Sony finds medical niche for high-resolution video

November 1, 2000

Sony finds medical niche for high-resolution videoDespite the cost, heart surgeons are soldHidden among the endless departments of music, video, electronics, PlayStations, and other gadgets at Sony lies an unassuming division that is

Sony finds medical niche for high-resolution video

Despite the cost, heart surgeons are sold

Hidden among the endless departments of music, video, electronics, PlayStations, and other gadgets at Sony lies an unassuming division that is beginning to make waves in medicine. While broadcast and professional business media remain Sony’s dominant pursuits, Sony Medical is seeing growing interest in the company’s cameras for surgical applications.

“The medical group at Sony has been around for roughly 15 years, but we are a well-kept secret with a long history of growth and profitability that has shown our ability to adapt well to the market,” said George Santanello, director of marketing for Sony Medical. “Our business is built on cameras, printers, and monitors for medical use, but each year we focus on improving our older technologies while continuing to build new innovations.”

For example, Sony’s high-definition DXC-H10 was recently purchased by cardiac surgeons at New York University Medical Center, marking the first sale of the device for a purely medical application. Sony Medical has had a close affiliation with NYU for some time, providing technologies ranging from visual imaging to operating room devices.

The firm’s most recent contribution to NYU’s medical staff is a small (weighing less than three pounds) video camera that can capture images from locations that were difficult for larger HD cameras to access. The DXC-H10 is being used in the operating room for multiple tasks: enhancing surgical procedures, teaching residents and medical students, and giving physicians in other parts of the world the ability to observe new techniques in real-time. Surgeons can use the camera to zoom into the area being operated on and project the picture on a large screen for reference.

The DXC is also being used in robotic surgery, where, in conjunction with a camera attached to the end of the robotic arm that is used for close-up work, it serves as an overhead camera to help provide a broader view of where the doctor is operating.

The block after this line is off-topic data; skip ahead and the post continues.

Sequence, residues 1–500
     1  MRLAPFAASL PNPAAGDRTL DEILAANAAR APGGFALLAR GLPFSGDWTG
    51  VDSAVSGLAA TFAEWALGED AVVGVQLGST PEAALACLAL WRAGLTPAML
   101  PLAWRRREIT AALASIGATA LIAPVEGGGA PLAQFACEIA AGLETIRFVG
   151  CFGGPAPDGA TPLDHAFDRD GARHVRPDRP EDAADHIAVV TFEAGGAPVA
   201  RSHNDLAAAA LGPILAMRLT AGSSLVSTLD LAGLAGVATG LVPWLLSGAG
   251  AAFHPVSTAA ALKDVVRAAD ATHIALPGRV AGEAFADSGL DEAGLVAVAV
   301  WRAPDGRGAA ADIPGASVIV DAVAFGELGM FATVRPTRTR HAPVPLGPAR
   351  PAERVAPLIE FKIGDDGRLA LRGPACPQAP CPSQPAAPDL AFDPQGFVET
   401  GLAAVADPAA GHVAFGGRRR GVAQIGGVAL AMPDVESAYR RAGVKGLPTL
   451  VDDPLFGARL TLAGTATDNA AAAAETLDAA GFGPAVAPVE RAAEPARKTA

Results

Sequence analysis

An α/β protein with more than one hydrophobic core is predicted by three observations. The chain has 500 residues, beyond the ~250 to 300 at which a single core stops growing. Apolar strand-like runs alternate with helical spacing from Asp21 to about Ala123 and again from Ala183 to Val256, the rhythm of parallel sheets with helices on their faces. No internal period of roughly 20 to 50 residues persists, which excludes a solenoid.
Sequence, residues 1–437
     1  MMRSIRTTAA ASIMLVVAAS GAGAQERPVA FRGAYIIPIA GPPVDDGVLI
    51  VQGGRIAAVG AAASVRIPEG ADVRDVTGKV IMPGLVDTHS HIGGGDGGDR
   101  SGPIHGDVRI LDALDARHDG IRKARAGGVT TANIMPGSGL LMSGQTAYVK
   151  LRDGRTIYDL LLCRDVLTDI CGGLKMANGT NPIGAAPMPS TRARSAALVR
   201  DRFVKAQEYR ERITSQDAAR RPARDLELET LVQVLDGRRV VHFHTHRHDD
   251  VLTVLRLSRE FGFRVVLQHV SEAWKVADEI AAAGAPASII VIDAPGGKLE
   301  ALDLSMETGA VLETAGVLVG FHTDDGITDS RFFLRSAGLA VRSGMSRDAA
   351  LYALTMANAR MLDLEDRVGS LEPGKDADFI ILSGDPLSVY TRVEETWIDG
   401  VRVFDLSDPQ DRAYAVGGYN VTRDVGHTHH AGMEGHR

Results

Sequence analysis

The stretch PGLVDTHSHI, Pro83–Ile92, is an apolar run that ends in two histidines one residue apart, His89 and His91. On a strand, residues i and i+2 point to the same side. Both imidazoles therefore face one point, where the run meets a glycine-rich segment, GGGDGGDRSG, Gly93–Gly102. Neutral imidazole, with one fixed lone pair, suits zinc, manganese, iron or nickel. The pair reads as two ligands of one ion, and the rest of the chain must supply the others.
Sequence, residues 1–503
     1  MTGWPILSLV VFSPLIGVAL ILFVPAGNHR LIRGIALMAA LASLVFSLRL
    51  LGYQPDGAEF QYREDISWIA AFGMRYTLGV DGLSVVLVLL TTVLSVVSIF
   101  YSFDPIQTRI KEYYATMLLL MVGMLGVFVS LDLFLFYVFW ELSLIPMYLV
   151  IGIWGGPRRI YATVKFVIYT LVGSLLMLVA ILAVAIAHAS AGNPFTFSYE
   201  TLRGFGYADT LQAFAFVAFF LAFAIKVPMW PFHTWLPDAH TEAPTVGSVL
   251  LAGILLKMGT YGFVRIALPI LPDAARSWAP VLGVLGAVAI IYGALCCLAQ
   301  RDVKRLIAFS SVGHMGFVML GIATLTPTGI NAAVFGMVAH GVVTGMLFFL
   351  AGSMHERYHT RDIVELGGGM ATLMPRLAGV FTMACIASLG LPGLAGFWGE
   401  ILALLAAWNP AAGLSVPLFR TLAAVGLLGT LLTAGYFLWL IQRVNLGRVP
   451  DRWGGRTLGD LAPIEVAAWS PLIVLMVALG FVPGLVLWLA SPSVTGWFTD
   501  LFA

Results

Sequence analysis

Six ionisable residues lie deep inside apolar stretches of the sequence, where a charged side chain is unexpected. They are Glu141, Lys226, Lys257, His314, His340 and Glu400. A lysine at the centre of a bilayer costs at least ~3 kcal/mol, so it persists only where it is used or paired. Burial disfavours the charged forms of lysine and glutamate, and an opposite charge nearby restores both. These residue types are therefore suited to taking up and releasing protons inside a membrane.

Allan Katz, head medical technician at NYU, is responsible for adapting the camera for use in NYU’s operating rooms. For each installation, he works with the surgeons setting up the camera before use in surgery, personalizing such features as voice operation and remote control. The camera is mounted on the operating light with adjustable brackets and is specifically designed to withstand the intense heat from the lamp as well as high-temperature emissions from the tools used during operations. Electronics on top of the lights and pan-tilt controllers allow the surgeons to move the DXC remotely to the most helpful position.

Previously, only standard-definition analog video equipment was used in the operating room. But the DXC’s higher resolution picture quality (1000 lines, double that of a conventional NTSC camera), wider field-of-view, and advanced color and bandwidth capabilities have pushed standard analog into the backseat.

“When first introduced to the camera, NYU staff were impressed with the great detail in tissue definition and color,” Katz said. “The dynamic range is better than that seen with the human eye, which provides doctors a stronger sense of security, so they can more accurately assess minutiae that may once have deceived them, such as a slight discoloration of the skin.”

To further optimize the use of this technology, NYU has established a separate video lab. This allows surgeons more control, viewing options, and aids for minimally invasive procedures and robotic surgery. Procedures can also be viewed in a teaching hospital. In addition, Sony has also just introduced and hopes to install at NYU within the next two months the SEU-TL100, a real-time digital video link unit that connects NYU’s DXC-H10 camera to other teaching sites. The SEU-TL100 takes digital-quality video feeds from the operating room and in real-time with full motion allows other doctors around the world to capture the feed locally.

“This provides excellent picture quality while the operation is being performed,” Santanello said. “The application has endless uses and possibilities in the future for not only cardiac surgery, but all medicine.”

For now, the Sony equipment remains confined to high-end applications and primarily caters to a small segment of doctors who have frequent use for it. But as the technology improves, it will have further impact on the operating room and the needs of surgeons, making it a technology worth the high cost.

“As the products become more common, the cost should come down and we should see a greater use, maybe within two to three years,” Santanello said. “We see this happening because the camera does provide a tremendous advantage to doctors and makes the investment really worth it.”